Honorable Mentions by Williams:
  • “A Tree for my Bed” (Jurassic Park)
  • "Flying Theme" (E.T.)
  • "Toy Planes, Home, Hearth" (Empire Of The Sun)
  • "Luke And Leia," "Yoda's Theme," "Anakin's Theme," (Star Wars)

3.  “The Breaking of the Fellowship” by Howard Shore (The Lord of the Rings)

One of my favorite things about the score for the LOTR movies is that Shore titled the songs after chapters of the books. That is just one of many, many things I love about this soundtrack (my cousin Doug once called it a modern day Symphony – I think it transcends symphonies). Honestly, how could I choose one song from such a gold mine? In this song, however, the beauty of perhaps my favorite scene from all 3 movies is fully captured:

Frodo: "I'm going to Mordor alone!"
Sam: "Of course you are!  And I'm coming with you!"

Frodo and Sam form one of the strongest friendships in literature and film, and this movie, ironically, refers to a bond such as this as a “breaking” of something else. Clever. Here are some other songs I nearly chose from LOTR.
  • "The Bridge Of Khazad-Dum" (the last minute of this song is memorable)
  • "The Steward Of Gondor"
  • "The Gray Havens" (heaven, anyone?)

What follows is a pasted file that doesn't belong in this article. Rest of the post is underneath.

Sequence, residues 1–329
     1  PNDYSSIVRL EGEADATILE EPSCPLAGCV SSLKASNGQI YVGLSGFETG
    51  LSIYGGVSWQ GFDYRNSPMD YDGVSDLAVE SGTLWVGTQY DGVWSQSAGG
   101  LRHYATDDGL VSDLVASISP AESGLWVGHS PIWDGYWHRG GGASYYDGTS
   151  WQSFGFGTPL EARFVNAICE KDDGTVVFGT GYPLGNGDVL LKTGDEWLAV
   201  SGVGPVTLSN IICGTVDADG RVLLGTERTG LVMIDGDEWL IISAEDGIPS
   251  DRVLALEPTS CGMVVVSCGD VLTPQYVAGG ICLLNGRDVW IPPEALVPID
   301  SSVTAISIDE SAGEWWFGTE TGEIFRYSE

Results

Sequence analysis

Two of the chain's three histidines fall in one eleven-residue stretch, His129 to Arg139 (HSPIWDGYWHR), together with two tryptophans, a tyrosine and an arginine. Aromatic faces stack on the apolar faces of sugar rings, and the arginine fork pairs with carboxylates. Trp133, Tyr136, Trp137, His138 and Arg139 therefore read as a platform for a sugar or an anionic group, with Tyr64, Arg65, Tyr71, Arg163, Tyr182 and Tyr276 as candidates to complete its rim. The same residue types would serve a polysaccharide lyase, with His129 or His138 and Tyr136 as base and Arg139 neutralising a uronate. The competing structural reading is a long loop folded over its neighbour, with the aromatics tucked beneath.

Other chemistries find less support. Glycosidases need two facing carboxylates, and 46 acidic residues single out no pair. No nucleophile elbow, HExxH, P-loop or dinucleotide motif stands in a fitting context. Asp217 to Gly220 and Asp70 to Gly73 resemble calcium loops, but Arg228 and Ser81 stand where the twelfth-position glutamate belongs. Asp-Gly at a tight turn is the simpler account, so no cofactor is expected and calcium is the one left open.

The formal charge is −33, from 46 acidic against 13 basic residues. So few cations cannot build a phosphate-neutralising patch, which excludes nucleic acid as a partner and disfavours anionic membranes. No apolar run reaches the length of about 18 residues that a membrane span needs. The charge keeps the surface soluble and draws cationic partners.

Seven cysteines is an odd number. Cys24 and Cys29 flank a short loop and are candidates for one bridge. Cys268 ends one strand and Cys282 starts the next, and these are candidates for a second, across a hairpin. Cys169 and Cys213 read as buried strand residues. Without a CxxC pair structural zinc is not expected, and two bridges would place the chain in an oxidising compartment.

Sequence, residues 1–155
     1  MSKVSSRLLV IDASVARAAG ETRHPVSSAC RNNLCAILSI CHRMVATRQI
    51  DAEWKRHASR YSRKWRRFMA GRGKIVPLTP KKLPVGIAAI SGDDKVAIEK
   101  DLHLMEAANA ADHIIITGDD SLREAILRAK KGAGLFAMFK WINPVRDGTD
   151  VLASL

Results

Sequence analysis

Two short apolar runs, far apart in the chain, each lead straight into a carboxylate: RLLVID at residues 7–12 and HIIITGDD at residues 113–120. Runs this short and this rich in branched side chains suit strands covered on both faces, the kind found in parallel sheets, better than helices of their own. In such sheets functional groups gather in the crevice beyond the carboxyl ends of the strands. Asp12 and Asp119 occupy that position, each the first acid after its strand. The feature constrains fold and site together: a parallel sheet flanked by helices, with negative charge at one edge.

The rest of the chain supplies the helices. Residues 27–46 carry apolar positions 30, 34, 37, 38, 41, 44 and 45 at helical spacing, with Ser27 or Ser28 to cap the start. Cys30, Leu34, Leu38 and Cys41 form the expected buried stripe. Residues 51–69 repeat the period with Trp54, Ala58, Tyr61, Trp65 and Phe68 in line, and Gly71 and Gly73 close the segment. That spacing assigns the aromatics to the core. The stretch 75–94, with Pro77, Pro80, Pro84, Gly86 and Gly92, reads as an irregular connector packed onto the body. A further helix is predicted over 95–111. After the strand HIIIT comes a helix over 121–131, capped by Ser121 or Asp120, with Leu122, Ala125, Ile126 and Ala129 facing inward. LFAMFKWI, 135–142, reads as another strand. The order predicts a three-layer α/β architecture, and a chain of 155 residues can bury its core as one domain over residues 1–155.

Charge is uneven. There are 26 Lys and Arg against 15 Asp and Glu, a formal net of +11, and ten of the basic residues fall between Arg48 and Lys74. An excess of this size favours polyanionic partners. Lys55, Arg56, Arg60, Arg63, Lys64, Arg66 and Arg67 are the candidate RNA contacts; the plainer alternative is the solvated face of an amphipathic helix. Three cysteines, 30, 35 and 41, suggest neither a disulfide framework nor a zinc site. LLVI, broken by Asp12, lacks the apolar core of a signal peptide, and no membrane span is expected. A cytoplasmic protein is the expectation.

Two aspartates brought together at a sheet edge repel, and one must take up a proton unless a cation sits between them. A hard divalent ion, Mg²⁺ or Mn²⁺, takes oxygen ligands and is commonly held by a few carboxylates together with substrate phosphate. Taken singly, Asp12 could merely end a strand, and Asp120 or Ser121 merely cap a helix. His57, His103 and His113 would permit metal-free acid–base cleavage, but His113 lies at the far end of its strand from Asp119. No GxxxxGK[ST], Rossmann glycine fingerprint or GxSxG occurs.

• "The Return Of The King" ("my friends, you bow to No one...")
  • "The King Of The Golden Hall" (is there a better theme in film than the Rohan Theme?)
  • "Samwise The Brave"

2.  "Casper’s Lullaby” by James Horner (Casper)

Those who may scoff that such a terrible movie could have the #2 most beautiful song of all time… need to stop and listen. This song is so unbelievably beautiful, and at the same time by far the most difficult decision of the whole list. I mean, I’ll just stop talking and show you the list of honorable mentions. If you don’t like my pick, go make a list of your own (but listen to this song first, and do it without tearing up). 

Honorable Mentions by Horner:
  • "Epitaph To War" (Glory)
  • "Freedom Theme," "For The Love Of A Princess" (Braveheart)
  • "Creating 'Governing Dynamics'" (A Beautiful Mind)
  • "Whispering Winds" (The Land Before Time)
  • "Main Theme" (Field Of Dreams)
  • "Diego's Goodbye" (The Mask Of Zorro)

1.  "Schindler's List Theme" by John Williams (Schindler's List)

Ok, so I cheated. I chose Williams for two spots. I figured, since he is the greatest movie composer of all time, he deserved it. This one tops the list. It tops them ALL. I mean, are you kidding me? To really understand the full scope of this song, you really need to see the movie. Spielberg, Neeson, Williams, and Perlman all combined for this song, and frankly, what more could you ask for? A perfect movie? Debatable. A perfect final scene? Plausible. A perfect song? Without question.